This interview and performance presents a unique window into the life and times of singer-songwriter Chris Gantry, one of Nashville’s great characters and true artists. Gantry—among the artists featured in the Museum’s exhibition “Outlaws & Armadillos: Country’s Roaring ’70s”—expounds here on his writing craft and philosophies, offering a full dose of his poetic, Lawrence Ferlinghetti-like sensibilities and attitude.
Chris Gantry moved to Nashville from New York City in the 1960s and helped spearhead a songwriter scene that came to include Kris Kristofferson, Mickey Newbury, Shel Silverstein, and other renegades. Gantry found success with “Dreams of the Everyday Housewife” (famously recorded in 1968 by Country Music Hall of Fame member Glen Campbell, and released as the first single from Campbell’s “Wichita Lineman” album), and his idiosyncratic, structurally sophisticated songs found favor with many singers, including now-Hall of Fame members Kristofferson, Johnny Cash, Roy Clark, and Reba McEntire.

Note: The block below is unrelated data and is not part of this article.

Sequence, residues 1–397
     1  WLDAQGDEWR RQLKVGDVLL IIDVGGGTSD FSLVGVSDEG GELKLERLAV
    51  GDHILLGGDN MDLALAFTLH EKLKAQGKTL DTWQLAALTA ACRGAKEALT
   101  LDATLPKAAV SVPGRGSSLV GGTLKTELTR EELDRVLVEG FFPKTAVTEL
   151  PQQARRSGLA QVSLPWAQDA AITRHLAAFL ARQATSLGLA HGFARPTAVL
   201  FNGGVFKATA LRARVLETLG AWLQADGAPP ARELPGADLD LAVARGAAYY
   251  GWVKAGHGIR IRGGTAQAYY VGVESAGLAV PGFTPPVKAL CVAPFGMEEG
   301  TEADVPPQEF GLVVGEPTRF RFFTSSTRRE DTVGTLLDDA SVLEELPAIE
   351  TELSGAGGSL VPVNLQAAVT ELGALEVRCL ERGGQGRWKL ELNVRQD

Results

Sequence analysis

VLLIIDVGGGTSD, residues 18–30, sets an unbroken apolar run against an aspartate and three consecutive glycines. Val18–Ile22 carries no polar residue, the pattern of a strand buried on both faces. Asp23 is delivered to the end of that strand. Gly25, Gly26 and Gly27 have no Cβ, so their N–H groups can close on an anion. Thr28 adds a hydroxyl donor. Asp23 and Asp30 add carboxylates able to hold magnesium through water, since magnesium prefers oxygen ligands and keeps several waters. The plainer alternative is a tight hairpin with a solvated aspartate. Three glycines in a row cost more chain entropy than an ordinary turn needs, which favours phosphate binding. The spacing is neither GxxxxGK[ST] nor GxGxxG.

Following an introduction from the museum’s Peter Cooper, Gantry performs numerous songs over his hour-long Songwriter Session. Highlights included “Dreams of the Everyday Housewife,” “Vince” (about his late great running buddy, Vince Matthews), and “The Old Songwriter” (about the joys and struggles inherent in a lifetime of music).
Presented in support of the Country Music Hall of Fame and Museum exhibition "Outlaws & Armadillos: Country’s Roaring ʼ70s" (May 25, 2018, through February 7, 2022).
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